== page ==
The jobless rate probably rose in October as U.S. employers kept a tight rein on payrolls with the nation closing in on the so-called fiscal cliff, economists said before a report this week.
A net 125,000 workers were added to headcounts following an increase of 114,000 in September, according to the median forecast of 72 economists surveyed by Bloomberg before the Nov. 2 Labor Department figures. The unemployment rate climbed to 7.9 percent last month from a three-year low of 7.8 percent, the survey showed.
“We’re just treading water, getting the labor market to grow fast enough to cover population growth,” said Joshua Dennerlein, a U.S. economist at Bank of America Corp. in New York. The “drop in unemployment was probably not sustainable.”
Hiring may stay restrained as concern mounts that an economy growing at a 2 percent pace is not strong enough to weather the tax increases and spending cuts slated to take effect if lawmakers fail to act by year’s end. Coming just days before the election, the report may also help sway voters still trying to decide between giving President Barack Obama another four years and changing course with Republican challenger Mitt Romney.
Prior to September, joblessness had exceeded 8 percent for 43 months, the longest such stretch since at least 1948. At 7.8 percent, unemployment last month matched the rate at the time Obama took office in January 2009.
Ronald Reagan is the only president to have been re-elected since World War II with unemployment above 6 percent. On Election Day 1984, the rate was at 7.2 percent, having dropped almost three percentage points in the previous 18 months.
At the end of last week, Romney was leading in daily tracking polls of likely voters. He was ahead in an Oct. 21-24 ABC News/Washington Post survey, 50 percent to 47 percent, within the poll’s margin of error of plus or minus 3 percentage points, and by the same advantage in an Oct. 18-24 Gallup poll, with a margin of error of plus or minus 2 percentage points.
While the pace of job creation has slowed relative to the first half of the year, consumers are still managing to spend. The economy expanded at a 2 percent annual rate in the third quarter, more than forecast and boosted by household purchases, Commerce Department figures showed last week.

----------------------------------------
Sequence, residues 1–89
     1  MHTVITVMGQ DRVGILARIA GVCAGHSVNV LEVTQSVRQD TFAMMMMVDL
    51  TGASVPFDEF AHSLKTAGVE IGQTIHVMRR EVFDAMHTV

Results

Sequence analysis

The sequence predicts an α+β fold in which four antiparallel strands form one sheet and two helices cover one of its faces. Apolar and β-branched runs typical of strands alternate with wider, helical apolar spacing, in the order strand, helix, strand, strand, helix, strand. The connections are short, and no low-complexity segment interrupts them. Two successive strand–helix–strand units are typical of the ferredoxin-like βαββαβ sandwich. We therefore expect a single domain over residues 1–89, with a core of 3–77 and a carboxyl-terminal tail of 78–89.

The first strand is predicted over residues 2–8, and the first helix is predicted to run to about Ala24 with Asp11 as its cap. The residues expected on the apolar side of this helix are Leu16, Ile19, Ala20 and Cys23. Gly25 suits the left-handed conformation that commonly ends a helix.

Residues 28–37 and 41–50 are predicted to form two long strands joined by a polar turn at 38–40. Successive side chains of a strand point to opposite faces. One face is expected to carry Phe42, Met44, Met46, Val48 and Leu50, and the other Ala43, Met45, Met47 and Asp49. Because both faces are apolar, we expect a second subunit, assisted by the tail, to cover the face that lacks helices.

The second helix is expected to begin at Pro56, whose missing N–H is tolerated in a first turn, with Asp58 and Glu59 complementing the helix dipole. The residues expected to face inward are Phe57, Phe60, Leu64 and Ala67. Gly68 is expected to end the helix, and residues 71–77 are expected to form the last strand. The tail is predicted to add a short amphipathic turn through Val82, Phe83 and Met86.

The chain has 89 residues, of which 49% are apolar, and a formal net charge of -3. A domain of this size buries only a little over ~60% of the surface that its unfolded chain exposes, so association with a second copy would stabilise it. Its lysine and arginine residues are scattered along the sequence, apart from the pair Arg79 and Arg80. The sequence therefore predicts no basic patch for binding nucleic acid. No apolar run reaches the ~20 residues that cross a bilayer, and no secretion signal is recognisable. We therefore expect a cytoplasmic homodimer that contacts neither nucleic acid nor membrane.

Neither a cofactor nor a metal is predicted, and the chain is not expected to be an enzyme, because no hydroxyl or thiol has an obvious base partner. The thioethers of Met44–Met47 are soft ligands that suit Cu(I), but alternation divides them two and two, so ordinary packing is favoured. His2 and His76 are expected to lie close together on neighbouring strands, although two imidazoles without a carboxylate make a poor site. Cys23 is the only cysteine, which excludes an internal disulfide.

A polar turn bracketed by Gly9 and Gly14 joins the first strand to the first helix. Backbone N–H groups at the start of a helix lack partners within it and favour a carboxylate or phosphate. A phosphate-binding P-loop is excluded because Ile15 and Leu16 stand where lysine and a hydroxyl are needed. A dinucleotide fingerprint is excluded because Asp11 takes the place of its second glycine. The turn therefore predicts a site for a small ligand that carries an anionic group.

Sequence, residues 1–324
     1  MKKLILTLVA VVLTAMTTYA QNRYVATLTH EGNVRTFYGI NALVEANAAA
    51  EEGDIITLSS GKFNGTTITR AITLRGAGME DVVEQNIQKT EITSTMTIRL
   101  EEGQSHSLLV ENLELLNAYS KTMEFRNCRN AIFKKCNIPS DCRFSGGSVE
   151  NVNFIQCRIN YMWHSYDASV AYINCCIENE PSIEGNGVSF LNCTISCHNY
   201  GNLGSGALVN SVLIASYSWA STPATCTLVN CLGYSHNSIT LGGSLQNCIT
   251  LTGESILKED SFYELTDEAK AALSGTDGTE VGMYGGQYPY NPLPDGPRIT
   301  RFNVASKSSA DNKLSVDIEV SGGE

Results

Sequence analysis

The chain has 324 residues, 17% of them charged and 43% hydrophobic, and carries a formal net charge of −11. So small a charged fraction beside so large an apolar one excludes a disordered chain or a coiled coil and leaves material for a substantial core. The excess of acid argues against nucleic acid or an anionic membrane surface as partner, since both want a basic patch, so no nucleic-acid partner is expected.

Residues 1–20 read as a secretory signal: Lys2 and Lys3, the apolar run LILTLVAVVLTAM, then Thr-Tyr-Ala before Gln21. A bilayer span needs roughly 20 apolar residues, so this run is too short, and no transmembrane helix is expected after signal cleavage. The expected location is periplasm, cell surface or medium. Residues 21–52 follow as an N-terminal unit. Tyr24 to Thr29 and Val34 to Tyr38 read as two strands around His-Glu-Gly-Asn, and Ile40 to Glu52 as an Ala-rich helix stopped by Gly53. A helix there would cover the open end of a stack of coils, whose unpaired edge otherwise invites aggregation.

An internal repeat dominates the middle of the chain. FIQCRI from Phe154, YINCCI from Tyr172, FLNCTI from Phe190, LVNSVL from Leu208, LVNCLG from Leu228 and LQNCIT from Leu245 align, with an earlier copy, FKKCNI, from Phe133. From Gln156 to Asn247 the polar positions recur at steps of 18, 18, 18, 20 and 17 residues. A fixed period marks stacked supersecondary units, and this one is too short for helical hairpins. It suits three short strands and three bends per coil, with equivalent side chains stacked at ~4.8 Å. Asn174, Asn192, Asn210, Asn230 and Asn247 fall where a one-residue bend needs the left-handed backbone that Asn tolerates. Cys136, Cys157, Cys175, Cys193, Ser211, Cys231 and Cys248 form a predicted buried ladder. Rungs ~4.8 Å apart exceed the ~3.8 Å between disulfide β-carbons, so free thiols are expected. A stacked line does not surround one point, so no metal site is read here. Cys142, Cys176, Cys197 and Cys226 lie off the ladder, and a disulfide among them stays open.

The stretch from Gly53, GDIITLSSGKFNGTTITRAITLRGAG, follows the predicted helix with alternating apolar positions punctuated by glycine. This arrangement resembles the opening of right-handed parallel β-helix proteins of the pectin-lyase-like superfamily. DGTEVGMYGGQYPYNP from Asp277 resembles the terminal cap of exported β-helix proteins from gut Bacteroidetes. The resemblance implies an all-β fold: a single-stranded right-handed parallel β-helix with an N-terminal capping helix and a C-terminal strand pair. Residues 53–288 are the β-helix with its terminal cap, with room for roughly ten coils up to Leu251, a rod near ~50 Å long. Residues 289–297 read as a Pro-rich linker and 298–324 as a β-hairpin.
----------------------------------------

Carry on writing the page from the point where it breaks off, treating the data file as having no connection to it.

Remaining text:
The Conference Board’s consumer sentiment index may have risen to 73, the highest level in four years, economists also project ahead of Oct. 30 figures.
At the same time, companies are cutting back in the face of the fiscal cliff, more than $600 billion in tax increases and spending cuts that will take place in place in 2013 unless Congress can reach a budget compromise. Spending on equipment and software was unchanged in the third quarter, the weakest reading in three years, a report showed on Oct. 26.
Shares of retailers and manufacturers reflect this split. The Standard & Poor’s Supercomposite Retailing Index has climbed 22.2 percent so far this year, outpacing a 7.7 percent gain in the S&P’s Industrial Machinery Index over the same period.
A Nov. 1 report may affirm manufacturing is slowing. Economists forecast the Institute for Supply Management’s factory index for October fell to 51.2 from 51.5 the prior month. A reading of 50 is the dividing line between expansion and contraction.
Dow Chemical Co., the largest U.S. chemical maker by sales, said last week it will cut about 2,400 jobs and shut 20 manufacturing plants to reduce annual costs by $500 million in the face of slackening global sales.
“We are operating in a slow-growth environment in the near-term,” Andrew Liveris, chief executive officer of Midland, Michigan-based Dow said in a statement. “While these actions are difficult, they demonstrate our resolve to tightly manage operations -- particularly in Europe -- and mitigate the impact of current market dynamics.”
The October jobs readings will probably keep Federal Reserve policy makers focused on trying to speed the economic expansion. They pledged to keep buying $40 billion in mortgage- backed securities a month until the outlook for labor-market conditions improves “substantially,” according a statement issued after they met last week.
“The next payroll report is not going to change the Fed’s view that they need to keep purchasing assets to jumpstart the recovery,” said Bank of America’s Dennerlein.